Kanye West has filed a $10 million lawsuit against a London-based insurance company for failing to pay out after his Saint Pablo tour was canceled last year.
As you know by now, Kanye was hospitalized last year after suffering a mental breakdown and the tour was canceled indefinitely.
The Hollywood Reporter has obtained details of the lawsuit.
West is suing various syndicates of insurer Lloyd’s of London, alleging they are stalling on paying out claims emanating from a canceled tour. A loss claim was tendered just two days after West checked himself into a psychiatric center, but he and his company — Very Good Touring, Inc. — still have not been paid more than eight months later, according to the suit.
“Nor have they provided anything approaching a coherent explanation about why they have not paid, or any indication if they will ever pay or even make a coverage decision, implying that Kanye’s use of marijuana may provide them with a basis to deny the claim and retain the hundreds of thousands of dollars in insurance premiums paid by Very Good,” states a complaint filed on Tuesday in California federal court. “The stalling is emblematic of a broader modus operandi of the insurers of never-ending post-claim underwriting where the insurers hunt for some contrived excuse not to pay.”
West’s lawsuit addresses this latter concert and notes the “strained, confused and erratic” behavior in Sacramento, as well as the decision made the following day to cancel the balance of the tour and issue full refunds. He was soon hospitalized at UCLA, and the insurance companies were informed and later provided with sworn testimony from his primary physician there that West suffered a debilitating medical condition that required he not tour.
But that wasn’t good enough for the insurance companies, according to the suit.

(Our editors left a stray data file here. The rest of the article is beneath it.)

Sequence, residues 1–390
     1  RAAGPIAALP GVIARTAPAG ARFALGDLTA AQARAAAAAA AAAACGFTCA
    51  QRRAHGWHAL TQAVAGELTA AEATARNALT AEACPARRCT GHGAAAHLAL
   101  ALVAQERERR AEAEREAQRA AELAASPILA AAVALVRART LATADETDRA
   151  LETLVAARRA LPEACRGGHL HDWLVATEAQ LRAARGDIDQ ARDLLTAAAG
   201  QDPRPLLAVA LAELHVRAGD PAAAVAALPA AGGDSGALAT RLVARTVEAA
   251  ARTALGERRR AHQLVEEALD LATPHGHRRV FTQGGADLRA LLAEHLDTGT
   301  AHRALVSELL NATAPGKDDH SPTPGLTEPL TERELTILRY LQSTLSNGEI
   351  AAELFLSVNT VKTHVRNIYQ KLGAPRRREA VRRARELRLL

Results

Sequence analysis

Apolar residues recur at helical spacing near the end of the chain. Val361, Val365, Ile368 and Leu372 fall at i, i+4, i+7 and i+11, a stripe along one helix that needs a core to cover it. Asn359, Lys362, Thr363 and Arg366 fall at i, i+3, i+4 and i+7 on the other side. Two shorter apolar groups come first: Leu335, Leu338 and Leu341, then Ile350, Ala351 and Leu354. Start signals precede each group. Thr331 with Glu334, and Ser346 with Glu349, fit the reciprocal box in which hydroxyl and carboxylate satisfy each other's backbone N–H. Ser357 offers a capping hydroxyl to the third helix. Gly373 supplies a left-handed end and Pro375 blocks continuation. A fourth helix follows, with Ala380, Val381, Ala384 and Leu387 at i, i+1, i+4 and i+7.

“Almost immediately after the claim was submitted, Defendants selected legal counsel to oversee the adjustment of the claim, instead of the more normal approach of retaining a non-lawyer insurance adjuster,” states West’s complaint. “Immediately turning to legal counsel made it clear that Defendants’ goal was to hunt for any ostensible excuse, no matter how fanciful, to deny coverage or to maneuver themselves into a position of trying to negotiate a discount on the loss payment.”
Kanye’s lawsuit also accuses the insurance company of leaking his private medical information to local news outlets.
“While Kanye was still under medical care for his disabling condition, the Defendant syndicates demanded that Kanye submit to an immediate IME,” states court papers, referring to an independent medical examination. “Kanye was made available for a purported IME by a doctor, hand-selected by the insurers’ counsel, who was predisposed to look for some reason to deny the claim. Yet even Defendants’ selected doctor had to admit that Kanye was disabled from being able to continue with the Tour. As demanded by the insurers, Kanye was also subsequently presented for an examination under oath (“EUO”), and at least eleven other persons affiliated with Kanye and Very Good were similarly presented for EUOs.”
West still can’t get answers about why the insurance companies won’t pay up, but according to court papers, the insurers demanded to interview others outside of West’s control to make a determination. The defendants are also said to be raising “irrelevant facts” bearing on the issue of coverage. While those facts aren’t discussed in the lawsuit, some aggressive tabloids have been pushing for information about the canceled tour and its aftermath, raising everything from drug use to song lyrics as fodder.
“Plaintiff is informed and believes that the ‘planting’ of the Confidential Information with news outlets… was part and parcel of Defendants’ efforts to impair Plaintiff’s rights to the indemnity payments due under the Insurance Policies,” states the complaint, which nods to a non-disclosure agreement between the parties.
You can check out more details of the lawsuit via THR.